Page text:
# Will a resonator change its Freq while energy is added?

by ctech
 P: 2 Consider this, will resonator change its frequency while energy is being added or removed? Why? Should not matter if the resonator is mechanical or electrical.
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P: 7,274
 Quote by ctech Consider this, will resonator change its frequency while energy is being added or removed?
In real life, yes. In elementary physics textbooks, no.

 Why?
The real world is nonlinear. The examples in elementary textbooks usually are not, because nonlinear problems are too hard for beginners to solve.

To make an obvious comment about a real word resonator - if you add enough energy, something will break (mechanical) or burn out (electrical).
 P: 2 Thank you, So considering two tuning forks, same resonant frequency without load, coupled k~0.1 and freely swinging in synchronization. Now when one adds energy to the first tuning fork and dampen, not excessively, the second fork, they would move out of synchronization?
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P: 12,238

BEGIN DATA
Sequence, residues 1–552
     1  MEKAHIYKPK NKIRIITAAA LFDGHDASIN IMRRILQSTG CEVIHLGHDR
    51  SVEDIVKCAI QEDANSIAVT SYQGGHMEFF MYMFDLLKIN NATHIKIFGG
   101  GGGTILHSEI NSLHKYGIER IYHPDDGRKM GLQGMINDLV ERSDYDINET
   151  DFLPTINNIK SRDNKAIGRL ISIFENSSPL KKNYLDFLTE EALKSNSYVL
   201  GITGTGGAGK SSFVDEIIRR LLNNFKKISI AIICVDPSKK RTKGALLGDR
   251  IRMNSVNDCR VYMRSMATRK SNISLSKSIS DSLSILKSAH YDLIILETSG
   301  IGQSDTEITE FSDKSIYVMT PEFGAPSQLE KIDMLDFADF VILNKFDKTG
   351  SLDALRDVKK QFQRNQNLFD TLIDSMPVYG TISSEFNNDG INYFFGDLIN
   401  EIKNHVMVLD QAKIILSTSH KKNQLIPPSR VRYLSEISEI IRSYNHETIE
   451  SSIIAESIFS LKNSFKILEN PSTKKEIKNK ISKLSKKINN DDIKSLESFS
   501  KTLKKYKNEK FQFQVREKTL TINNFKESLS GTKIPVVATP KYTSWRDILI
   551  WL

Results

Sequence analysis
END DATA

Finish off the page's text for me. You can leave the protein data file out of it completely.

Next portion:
Will a resonator change its Freq while energy is added?

 Quote by ctech Consider this, will resonator change its frequency while energy is being added or removed? Why? Should not matter if the resonator is mechanical or electrical.
I think that, for energy to be added to a free oscillator, there must be a finite phase lead in the added signal (and vice versa). This would have the effect of producing a resultant that has a phase, different from the original oscillation. With two coupled oscillators, at any given time, one is ahead or behind the other in phase and the energy oscillates between the two at their difference frequency. So I would expect a phase modulation (AKA differentiated FM) of each oscillation at that difference frequency.
P: 835
 Quote by ctech Thank you, So considering two tuning forks, same resonant frequency without load, coupled k~0.1 and freely swinging in synchronization. Now when one adds energy to the first tuning fork and dampen, not excessively, the second fork, they would move out of synchronization?
Depends how you add energy I suppose. A slightly damped oscillator will have a slightly lowered frequency, so if you think of your energy addition as (magically) the opposite of damping, maybe it should speed up the oscillator. :)